I got to talk with the oddball inventor of instant replay, Roger Staubach, Terry Brennan, Rollie Stichweh, and, um, my dad for a story I'm proud to finally share with you. Even Lucille Ball and Lee Harvey Oswald make cameos.
Here's how my article for Pacific Standard opens:
All Tony Verna wants is a little credit.
It’s been 50 years, for god’s sake. Verna may be living a plush life in Palm Desert, California, alongside a shelf packed with Emmys. But trophies don’t matter if no one knows what you did to earn them.
“What should it say on my tombstone?” Verna says, sighing loudly. “‘Son of Italian immigrants. Invented Instant Replay.’”
Sure, a concept isn’t something you can patent. If it were, Verna would be cashing in. “Who can imagine getting royalties on that?” he asks. But more important than money is recognition: It wouldn’t hurt if more people knew what Verna did as a 30-year-old CBS underling, when Army met Navy 50 years ago this month. Sitting in a clunky television truck outside the 1963 football game, Verna patched together the first-ever use of instant replay. He gave little warning to co-workers, network announcers, or his boss, and he only managed to replay a single clip—featuring the losing team, no less.
“Well, my wife thinks it’s impressive,” Verna tells me.
With that lone clip, however, Verna helped football become the most popular—and lucrative—televised sport in America. No longer is at-home fandom a matter of squinting into snowy black-and-white screens to catch game-day bulletins. It’s a fantastic, layered, and multi-angled experience—12 cameras per nationally televised college game, 24 for national championships, 44 for Super Bowls. Broadcasting is now so advanced, stadiums struggle to keep up. These days, you often see the game better when you are not there.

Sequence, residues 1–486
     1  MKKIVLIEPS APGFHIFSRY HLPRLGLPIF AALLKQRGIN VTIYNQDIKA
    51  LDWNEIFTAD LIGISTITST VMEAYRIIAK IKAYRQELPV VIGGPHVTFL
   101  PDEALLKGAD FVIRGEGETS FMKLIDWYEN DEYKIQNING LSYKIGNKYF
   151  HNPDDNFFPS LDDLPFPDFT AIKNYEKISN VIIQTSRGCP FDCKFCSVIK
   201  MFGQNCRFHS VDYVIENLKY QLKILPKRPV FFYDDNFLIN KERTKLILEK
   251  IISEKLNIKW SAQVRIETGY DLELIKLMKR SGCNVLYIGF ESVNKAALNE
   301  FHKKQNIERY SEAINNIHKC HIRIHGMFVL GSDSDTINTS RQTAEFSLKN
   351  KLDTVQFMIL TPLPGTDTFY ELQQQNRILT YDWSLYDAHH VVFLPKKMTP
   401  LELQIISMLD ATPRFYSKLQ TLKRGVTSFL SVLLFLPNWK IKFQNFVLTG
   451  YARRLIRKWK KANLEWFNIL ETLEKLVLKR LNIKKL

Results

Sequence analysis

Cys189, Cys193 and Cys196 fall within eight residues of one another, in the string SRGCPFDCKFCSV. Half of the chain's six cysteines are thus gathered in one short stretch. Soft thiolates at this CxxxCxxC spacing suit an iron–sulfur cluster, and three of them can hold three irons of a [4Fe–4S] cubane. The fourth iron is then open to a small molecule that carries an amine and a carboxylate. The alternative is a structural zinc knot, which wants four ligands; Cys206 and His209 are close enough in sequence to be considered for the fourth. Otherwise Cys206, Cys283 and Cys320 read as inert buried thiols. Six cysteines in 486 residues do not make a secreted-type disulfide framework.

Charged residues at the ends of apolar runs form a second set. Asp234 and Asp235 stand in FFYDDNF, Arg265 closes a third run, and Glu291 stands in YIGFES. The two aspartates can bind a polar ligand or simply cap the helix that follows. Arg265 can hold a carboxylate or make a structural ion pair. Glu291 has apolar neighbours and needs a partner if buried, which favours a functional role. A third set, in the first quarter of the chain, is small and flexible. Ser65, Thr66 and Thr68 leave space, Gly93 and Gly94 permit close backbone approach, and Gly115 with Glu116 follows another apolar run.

Instant replay even transformed how we think about the physical game. We expect a level of precision that once would have seemed obnoxious. In bounds or out? Holding or not? It’s not enough anymore to get the gist. We analyze replays as if they were the Zapruder film. Everyone is an expert.
This isn’t just about football. In the second MLB rule change since it lowered the pitcher’s mound, and only the third since deadball, managers will challenge calls with replay review next season. NBA officials use replay for buzzer-beating shots. Soccer is conspicuous for not using replay. FIFA’s general secretary said, “football’s human element must be retained. It mirrors life itself and we have to protect it.” Instant replay, then, cuts at the heart of a game. It’s an astounding legacy for a mere trick of television.
So, there’s no doubt: Tony Verna changed history. Too bad no one knows his name.
He’s learned to tick off his own accomplishments. In his South Philadelphia accent, Verna will name all the people who have called him a legend. He’ll casually mention reporters who found their way to him. (“Sweden’s coming to see me,” he says, meaning a journalist.) He’ll brag about living on the Pacific Coast Highway, where Doris Day and Stuart Whitman were his next-door neighbors, and he’ll tell you about how once, Ted Turner, “a longtime friend of mine,” flew him to Atlanta and offered him $700,000 for a year’s work. “I was worth more than all the announcers put together,” Verna says.
But back in Philadelphia, Tony Verna was just trying to stage a good show. “I didn’t invent instant replay to improve officiating, or anything like that,” Verna told me. “I invented it for a better telecast.” Had CBS realized this was a historic game, the network might’ve stayed its usual practice of erasing and reusing videotape. They didn’t. No recording of the full television broadcast of the 1963 Army-Navy game exists.